Skip to main content
Login | Suomeksi | På svenska | In English

Ethics Getting Involved in the Climate Crisis : On Stephen Gardiner’s Ethics of the Climate Transitions

Show full item record

Title: Ethics Getting Involved in the Climate Crisis : On Stephen Gardiner’s Ethics of the Climate Transitions
Author(s): Snellman, Otto
Contributor: University of Helsinki, Faculty of Social Sciences
Degree program: Master's Programme in Philosophy
Specialisation: Practical Philosophy
Language: English
Acceptance year: 2021
Why those that are most responsible and capable in the climate crisis are not doing nearly enough? Stephen Gardiner argues that in addition to diagnosing the failures of ethical agency amid the crisis, climate ethicists should face them head-on. He outlines “ethics of the climate transitions” or, shortly, transition ethics. It aims to help in building ethical motivation for the institutional overhaul needed to limit the heating to 1,5°C. The work addresses transition ethics and the ambitious ideas on ethical action-guidance put forward in it. It is argued that transition ethics should be understood as concessive theory in David Estlund’s sense. It weighs moral correctness of principles and motivations with their practicability. In concessive transition ethics, the empirically informed diagnosis of the climate crisis and the advocated ethical prescriptions should be in constant interaction. Transition ethics should remain flexible about degrees and areas of concession. It should also stay properly modest: its prescriptions are not the ultimate expression of climate justice, but something to work on in the uncertain and complex circumstances of the climate crisis. Transition ethics is put to test by noting that climate ethicists are not insulated from the various problems of ethical agency that the climate crisis breeds. Appropriating Gardiner’s ideas and political realism, it is argued that transition ethicists are threatened by theoretical vices. These are rooted in the indeterminate approach of weighing practicability and moral constraints. By reviewing recent contributions in climate change communication and social and moral psychology, it is showed that Gardiner’s “moral corruption” diagnosis and “defensive ethics” may be subject to the theoretical vice of wishful thinking. Yet if transition ethicists guard against wishful thinking too eagerly, another theoretical vice called strategic inconsiderateness awaits them. The more specific root of the twin vices is located in the role of prescriptions in transition ethics. They may either overtly condition the diagnosis or be reduced to mere strategic communication. To get some clarity on the proper role of ethical prescriptions, the issue is further discussed in a context crucial for transition ethics, i.e., political legitimacy. It is argued that Gardiner’s argument called the global test is a condition of political legitimacy amid the climate crisis. The test shows why the prevailing but failing institutions should be rejected. Yet it is argued that the normative grounds of the global test and its status as a concessive and action-guiding prescription are ambiguous. Therefore, two alternative interpretations of the test are outlined, one based on political realism and other on Allen Buchanan’s theory of political legitimacy. It is concluded that the Buchanian approach is more apt as a benchmark of transitional prescriptions. It informs flexibility of concession and shows some limits to modesty and political realist suspicion. The conclusion is that relatively non-concessive ethical prescriptions may be an antidote against the theoretical vices amid the fog of confusion of the climate crisis. Ethical integrity may also help transition ethicists to be relevant for the global climate movement ushering the ethical climate transitions.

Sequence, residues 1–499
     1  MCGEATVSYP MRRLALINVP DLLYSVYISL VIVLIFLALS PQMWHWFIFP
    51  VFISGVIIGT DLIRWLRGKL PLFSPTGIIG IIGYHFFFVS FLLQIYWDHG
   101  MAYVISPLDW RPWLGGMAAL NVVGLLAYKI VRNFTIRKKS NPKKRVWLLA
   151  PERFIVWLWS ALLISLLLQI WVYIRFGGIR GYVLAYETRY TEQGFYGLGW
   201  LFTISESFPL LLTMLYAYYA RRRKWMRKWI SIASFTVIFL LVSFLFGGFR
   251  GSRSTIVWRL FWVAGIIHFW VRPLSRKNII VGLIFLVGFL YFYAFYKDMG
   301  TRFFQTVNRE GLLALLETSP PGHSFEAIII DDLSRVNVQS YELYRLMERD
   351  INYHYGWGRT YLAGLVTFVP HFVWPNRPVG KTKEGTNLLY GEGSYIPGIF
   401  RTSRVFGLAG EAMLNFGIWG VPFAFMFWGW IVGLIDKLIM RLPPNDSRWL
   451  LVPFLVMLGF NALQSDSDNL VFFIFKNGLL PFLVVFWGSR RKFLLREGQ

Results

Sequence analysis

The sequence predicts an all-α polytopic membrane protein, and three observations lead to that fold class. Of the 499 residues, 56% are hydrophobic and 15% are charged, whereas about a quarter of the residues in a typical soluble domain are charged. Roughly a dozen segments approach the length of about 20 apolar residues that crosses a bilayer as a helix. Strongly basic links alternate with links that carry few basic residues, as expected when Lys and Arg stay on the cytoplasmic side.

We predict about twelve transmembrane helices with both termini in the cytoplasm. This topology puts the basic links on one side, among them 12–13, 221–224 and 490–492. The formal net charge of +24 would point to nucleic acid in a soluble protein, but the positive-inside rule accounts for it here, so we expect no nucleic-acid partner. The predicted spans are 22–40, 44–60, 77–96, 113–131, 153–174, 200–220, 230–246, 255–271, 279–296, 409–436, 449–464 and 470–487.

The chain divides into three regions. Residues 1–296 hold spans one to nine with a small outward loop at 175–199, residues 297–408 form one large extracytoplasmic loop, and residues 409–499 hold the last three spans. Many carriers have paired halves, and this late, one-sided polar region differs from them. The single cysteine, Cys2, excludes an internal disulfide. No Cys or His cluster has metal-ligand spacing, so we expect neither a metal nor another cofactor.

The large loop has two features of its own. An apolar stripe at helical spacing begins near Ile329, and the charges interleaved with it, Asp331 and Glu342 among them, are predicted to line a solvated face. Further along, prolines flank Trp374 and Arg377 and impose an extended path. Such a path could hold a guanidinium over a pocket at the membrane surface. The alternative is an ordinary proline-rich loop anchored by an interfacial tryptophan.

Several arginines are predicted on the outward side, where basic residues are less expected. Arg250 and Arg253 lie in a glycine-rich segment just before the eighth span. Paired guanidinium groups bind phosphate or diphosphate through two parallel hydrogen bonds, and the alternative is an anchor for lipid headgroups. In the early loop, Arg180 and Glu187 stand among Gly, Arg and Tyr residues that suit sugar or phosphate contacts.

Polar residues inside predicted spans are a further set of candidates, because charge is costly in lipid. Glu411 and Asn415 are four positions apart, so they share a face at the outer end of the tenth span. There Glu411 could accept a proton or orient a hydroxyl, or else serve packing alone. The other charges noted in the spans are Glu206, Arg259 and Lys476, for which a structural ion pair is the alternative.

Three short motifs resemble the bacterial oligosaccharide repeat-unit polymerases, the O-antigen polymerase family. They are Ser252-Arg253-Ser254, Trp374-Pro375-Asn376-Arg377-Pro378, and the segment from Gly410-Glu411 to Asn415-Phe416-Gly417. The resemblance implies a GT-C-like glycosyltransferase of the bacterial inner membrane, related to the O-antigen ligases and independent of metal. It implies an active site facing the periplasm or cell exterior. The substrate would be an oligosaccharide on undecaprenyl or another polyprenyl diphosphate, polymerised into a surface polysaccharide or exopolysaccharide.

Keyword(s): climate change climate crisis action-guidance practical ethics virtue ethics political realism ilmastonsuojelu etiikka yhteiskuntafilosofia

Files in this item

Files Size Format View
Snellman_Otto_tutkielma_2021.pdf 800.1Kb PDF

This item appears in the following Collection(s)

Show full item record